The last week or so has witnessed a pretty depressing turn of events, that makes it feel like the peace process has taken a few giant steps backwards.
Have you been following the news?
To begin....there was Vice President Biden's visit last week to Jerusalem. Shortly after he got off the plane in Tel Aviv, word leaked out from the Israeli Interior Ministry that Israel intended to build 1600 additional housing units (for Israeli Jews) in East Jerusalem.
To appreciate the implications of this seemingly innocuous announcement, you have to know a little bit of background information.
To begin, here's the google map of Jerusalem:
Now, even if you don't know anything about the boundary disputes that have plagued peace negotiations in decades past, you can at least look at this map and notice the dashed gray line that runs sort of vertically down the right/middle part of the map. That's the Green Line, the armistice boundary lines drawn in 1949 at the conclusion of Israel's War of Independence. From 1949-1967, Jordan controlled everything to the east of that gray line.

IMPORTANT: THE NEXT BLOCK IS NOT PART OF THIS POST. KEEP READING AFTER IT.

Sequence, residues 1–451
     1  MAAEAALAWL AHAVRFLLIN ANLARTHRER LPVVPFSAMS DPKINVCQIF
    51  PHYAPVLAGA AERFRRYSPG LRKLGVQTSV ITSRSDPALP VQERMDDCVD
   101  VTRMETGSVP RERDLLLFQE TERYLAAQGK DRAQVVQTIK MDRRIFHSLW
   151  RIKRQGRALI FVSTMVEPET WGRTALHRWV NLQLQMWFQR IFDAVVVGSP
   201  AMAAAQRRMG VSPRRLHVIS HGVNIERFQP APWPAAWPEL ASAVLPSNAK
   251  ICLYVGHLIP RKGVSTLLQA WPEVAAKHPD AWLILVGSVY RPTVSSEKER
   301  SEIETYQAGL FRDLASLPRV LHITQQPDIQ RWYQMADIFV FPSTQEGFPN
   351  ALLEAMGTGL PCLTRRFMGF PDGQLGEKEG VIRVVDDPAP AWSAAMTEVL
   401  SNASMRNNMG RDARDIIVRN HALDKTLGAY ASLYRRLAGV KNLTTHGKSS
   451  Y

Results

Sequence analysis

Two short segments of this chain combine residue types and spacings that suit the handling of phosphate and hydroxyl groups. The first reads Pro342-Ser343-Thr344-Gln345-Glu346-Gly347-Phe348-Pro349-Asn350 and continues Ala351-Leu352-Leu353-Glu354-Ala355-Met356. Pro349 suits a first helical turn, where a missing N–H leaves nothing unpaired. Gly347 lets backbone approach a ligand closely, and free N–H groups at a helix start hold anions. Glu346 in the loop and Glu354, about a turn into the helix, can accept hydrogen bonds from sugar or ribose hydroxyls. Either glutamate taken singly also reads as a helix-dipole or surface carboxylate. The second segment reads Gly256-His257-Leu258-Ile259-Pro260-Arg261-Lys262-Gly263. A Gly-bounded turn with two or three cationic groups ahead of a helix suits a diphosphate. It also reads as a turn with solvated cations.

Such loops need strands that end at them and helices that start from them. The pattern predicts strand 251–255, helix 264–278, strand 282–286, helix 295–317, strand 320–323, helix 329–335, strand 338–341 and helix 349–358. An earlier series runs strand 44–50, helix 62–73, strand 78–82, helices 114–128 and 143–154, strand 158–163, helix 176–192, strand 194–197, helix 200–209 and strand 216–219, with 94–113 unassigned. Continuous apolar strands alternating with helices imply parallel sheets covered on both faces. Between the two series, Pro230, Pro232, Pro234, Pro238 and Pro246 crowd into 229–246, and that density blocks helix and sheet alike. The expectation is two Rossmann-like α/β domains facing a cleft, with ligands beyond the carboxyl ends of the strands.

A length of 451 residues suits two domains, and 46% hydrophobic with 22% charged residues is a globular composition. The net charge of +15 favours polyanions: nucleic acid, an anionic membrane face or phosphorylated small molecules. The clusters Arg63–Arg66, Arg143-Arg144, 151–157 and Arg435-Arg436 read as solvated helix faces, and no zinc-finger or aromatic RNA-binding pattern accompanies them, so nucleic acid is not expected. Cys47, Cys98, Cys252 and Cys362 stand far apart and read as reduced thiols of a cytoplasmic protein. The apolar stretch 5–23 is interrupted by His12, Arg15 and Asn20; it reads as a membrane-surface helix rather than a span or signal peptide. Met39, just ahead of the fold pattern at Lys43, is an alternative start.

In 1967, at the conclusion of the Six Day War, Israel had successfully reclaimed territory east of the line - the vast majority of which was populated by Palestinians. Since then, Israel (or, at least, its military) has exercised various degrees of control over these "territories" - namely the West Bank, and the Gaza Strip.
Now, depending on where one situates oneself on the Israeli political spectrum (click here for a list of the parties, their platforms, and an online tool that will help you determine where you stand on the spectrum) will determine - to a certain degree - what one's attitude is toward the West Bank. (Gaza is mostly a non-issue at this point, given Israel's recent unilateral pullout from there.) To what degree is Israel's security dependent on holding onto the West Bank? To what degree does Israel have a non-security-based claim on the land? To what degree do those non-security claims trump the rights of the Palestinians to establish an autonomous country of their own on that land?